OCTOBER Breast Cancer Awareness Month
Updated: Jan 15, 2019
October is National Breast Cancer Awareness Month. Breast cancer is the second most common kind of cancer in women. About 1 in 8 women born today in the United States will get breast cancer at some point. The good news is that most women can survive breast cancer if it’s found and treated early. A mammogram — the screening test for breast cancer — can help find breast cancer early, when it’s easier to treat.
Breast cancer is an uncontrolled growth of breast cells. To better understand breast cancer, it helps to understand how any cancer can develop. Cancer occurs as a result of mutations, or abnormal changes, in the genes responsible for regulating the growth of cells and keeping them healthy. The genes are in each cell’s nucleus, which acts as the “control room” of each cell. Normally, the cells in our bodies replace themselves through an orderly process of cell growth: healthy new cells take over as old ones die out. But over time, mutations can “turn on” certain genes and “turn off” others in a cell. That changed cell gains the ability to keep dividing without control or order, producing more cells just like it and forming a tumor.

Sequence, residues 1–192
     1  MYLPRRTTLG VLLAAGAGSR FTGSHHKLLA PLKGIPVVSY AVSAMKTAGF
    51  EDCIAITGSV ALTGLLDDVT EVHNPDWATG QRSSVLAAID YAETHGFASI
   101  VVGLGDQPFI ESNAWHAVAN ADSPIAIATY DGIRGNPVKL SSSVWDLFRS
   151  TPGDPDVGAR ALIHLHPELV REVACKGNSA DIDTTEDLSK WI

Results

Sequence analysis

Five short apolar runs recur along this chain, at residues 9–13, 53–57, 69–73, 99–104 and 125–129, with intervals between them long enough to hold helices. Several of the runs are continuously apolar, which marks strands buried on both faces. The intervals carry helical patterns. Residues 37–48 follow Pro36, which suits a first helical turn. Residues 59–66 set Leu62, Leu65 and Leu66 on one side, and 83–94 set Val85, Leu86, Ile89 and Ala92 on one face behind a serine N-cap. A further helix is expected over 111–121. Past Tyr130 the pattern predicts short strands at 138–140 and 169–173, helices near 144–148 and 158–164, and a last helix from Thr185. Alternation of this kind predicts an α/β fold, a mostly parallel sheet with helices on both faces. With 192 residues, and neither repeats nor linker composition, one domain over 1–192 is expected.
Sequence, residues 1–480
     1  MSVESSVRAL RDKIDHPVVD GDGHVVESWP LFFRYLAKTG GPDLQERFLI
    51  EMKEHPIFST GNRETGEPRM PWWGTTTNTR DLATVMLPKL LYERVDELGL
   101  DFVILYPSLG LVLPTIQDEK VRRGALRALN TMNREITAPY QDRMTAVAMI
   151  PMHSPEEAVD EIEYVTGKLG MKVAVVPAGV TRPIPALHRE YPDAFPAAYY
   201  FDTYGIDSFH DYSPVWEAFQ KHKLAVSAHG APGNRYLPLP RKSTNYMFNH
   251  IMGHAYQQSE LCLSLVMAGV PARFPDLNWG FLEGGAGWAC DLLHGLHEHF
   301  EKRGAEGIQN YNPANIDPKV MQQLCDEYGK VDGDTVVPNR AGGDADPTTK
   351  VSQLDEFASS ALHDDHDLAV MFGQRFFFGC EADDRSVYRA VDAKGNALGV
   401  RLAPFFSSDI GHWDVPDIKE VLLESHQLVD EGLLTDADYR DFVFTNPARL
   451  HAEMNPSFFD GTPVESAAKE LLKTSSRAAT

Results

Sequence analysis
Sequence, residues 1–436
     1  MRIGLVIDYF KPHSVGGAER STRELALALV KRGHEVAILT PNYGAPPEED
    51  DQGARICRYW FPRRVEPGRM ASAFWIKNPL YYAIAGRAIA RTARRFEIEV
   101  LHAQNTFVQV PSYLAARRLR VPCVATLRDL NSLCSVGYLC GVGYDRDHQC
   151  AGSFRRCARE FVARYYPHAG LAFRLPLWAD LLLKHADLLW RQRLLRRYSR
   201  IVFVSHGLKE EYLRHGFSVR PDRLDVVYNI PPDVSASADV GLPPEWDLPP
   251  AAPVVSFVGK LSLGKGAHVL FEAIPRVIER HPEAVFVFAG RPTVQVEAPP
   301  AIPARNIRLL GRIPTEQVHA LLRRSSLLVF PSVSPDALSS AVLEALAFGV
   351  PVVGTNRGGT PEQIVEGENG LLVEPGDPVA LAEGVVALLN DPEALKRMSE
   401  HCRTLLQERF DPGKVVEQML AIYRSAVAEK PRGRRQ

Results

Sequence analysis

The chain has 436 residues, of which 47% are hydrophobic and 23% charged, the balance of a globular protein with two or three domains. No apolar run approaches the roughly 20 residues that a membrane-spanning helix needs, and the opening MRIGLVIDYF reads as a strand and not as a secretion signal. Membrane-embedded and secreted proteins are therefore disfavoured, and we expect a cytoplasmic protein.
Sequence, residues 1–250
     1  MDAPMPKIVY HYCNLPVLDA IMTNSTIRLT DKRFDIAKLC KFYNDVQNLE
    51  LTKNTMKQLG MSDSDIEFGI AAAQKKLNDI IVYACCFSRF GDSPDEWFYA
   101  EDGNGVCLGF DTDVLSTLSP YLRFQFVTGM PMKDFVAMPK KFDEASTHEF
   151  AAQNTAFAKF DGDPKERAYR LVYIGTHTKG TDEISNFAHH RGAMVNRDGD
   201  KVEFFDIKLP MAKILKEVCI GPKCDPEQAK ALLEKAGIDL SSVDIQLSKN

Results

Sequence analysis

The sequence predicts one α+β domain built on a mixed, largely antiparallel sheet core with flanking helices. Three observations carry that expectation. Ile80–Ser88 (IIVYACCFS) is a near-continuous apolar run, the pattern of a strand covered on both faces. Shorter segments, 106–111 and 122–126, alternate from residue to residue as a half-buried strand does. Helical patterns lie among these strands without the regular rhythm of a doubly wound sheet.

A tumor can be benign (not dangerous to health) or malignant (has the potential to be dangerous). Benign tumors are not considered cancerous: their cells are close to normal in appearance, they grow slowly, and they do not invade nearby tissues or spread to other parts of the body. Malignant tumors are cancerous. Left unchecked, malignant cells eventually can spread beyond the original tumor to other parts of the body.
The term “breast cancer” refers to a malignant tumor that has developed from cells in the breast. Usually breast cancer either begins in the cells of the lobules, which are the milk-producing glands, or the ducts, the passages that drain milk from the lobules to the nipple. Less commonly, breast cancer can begin in the stromal tissues, which include the fatty and fibrous connective tissues of the breast.
Stages of Breast Cancer
The stage of a breast cancer is determined by the cancer’s characteristics, such as how large it is and whether or not it has hormone receptors. The stage of the cancer helps you and your doctor:
figure out your prognosis, the likely outcome of the disease
decide on the best treatment options for you
determine if certain clinical trials may be a good option for you
Breast cancer stage is usually expressed as a number on a scale of 0 through IV — with stage 0 describing non-invasive cancers that remain within their original location and stage IV describing invasive cancers that have spread outside the breast to other parts of the body.